But then… my perspective changed radically.

In November of 2012, I experienced the second worst mental breakdown of my life.  I was hospitalized and then sent home about 3.5 weeks later.  That night, I had the worst breakdown of my life, and then was hospitalized 2 months after that.  And… this hospitalization changed my life.

What happened?  Well, I was put on Clozapine.  Clozapine is an incredibly powerful drug, and is usually a “last resort” for treating psychosis.  Doctors are cautious in prescribing it because it can cause agranulocytosis, or a reduced white blood cell count.  As a result, regular blood tests are necessary.  For the first 6 months, you need to have a blood test once a week.  For the next 6 months, a blood test every other week.  And then, if all is well, every 4 weeks.

After starting Clozapine, my life radically changed.  Finally… I got it.  Those dark and gloomy thoughts that I’ve had for my entire life… they’re gone.  Completely gone.  And I realize now that those thoughts are not me.  That’s right, I used to think that I, Neesa Sunar, was my thoughts.  That those thoughts were my identity.  But when they disappeared, I was then able to realize that I am something much more than my thoughts.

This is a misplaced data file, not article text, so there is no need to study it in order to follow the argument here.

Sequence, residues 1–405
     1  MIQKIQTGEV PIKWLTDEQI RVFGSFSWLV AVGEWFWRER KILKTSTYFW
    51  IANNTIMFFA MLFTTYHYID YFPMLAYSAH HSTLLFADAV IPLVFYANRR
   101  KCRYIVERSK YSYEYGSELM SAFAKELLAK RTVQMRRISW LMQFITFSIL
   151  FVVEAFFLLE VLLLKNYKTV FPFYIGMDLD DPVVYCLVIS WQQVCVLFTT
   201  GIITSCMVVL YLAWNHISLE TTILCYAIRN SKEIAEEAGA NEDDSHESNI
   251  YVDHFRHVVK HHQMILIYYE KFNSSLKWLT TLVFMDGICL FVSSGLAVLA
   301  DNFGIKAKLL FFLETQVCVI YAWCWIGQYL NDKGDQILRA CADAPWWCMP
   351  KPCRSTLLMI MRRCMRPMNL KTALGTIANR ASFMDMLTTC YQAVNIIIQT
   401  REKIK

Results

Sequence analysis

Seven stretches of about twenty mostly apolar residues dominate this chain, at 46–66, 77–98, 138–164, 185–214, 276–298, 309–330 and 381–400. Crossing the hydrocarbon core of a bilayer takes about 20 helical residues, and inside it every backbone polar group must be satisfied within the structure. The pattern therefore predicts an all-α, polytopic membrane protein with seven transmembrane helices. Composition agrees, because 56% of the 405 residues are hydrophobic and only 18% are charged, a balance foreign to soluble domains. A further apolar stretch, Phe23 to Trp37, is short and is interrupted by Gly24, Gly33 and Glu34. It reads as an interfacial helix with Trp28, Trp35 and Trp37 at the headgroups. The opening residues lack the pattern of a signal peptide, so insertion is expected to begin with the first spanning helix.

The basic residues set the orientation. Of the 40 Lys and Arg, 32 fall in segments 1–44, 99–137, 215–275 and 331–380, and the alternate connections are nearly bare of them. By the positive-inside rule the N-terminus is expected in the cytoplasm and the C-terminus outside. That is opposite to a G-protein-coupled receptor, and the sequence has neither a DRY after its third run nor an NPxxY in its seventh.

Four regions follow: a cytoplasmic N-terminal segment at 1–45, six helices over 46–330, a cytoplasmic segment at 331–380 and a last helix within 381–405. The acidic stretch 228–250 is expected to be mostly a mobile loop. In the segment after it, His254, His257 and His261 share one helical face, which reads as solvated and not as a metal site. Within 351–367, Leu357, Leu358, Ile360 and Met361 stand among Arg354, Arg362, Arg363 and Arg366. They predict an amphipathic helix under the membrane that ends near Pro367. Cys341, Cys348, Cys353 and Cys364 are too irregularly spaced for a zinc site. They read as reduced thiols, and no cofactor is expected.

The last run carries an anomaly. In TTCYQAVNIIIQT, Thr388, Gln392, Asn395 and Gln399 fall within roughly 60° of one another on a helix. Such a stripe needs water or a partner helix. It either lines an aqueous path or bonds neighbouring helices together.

Many people decry the psychiatric system, and say that medications and treatment stifle the human right of mental freedom.  Many say that their problems started only after starting medications.  I respect these people, and applaud that they speak out without fear.  But, we shouldn’t throw the baby out with the bathwater.  For me, and for many others, life was unbearable until we started medications.

I wonder though.  So many years of my life were tortured.  What if I had started Clozapine at an earlier age?  What would have been my destiny?  Would I have written more songs?  Would I have been able to get a job and keep it?  Would I have more money?  I am frustrated at my psychiatrists’ conservative prescribing habits.

I think a problem that I encountered over the years, was that I was always labeled as “high functioning.”  In general, I present myself as a very articulate and intelligent person.  Well-educated doctors see me, and think that I am well, and “not that sick.”  Even in my sickest moments, I was able to speak and articulate precisely what was happening to me.  And as a result, they were conservative in prescribing medications.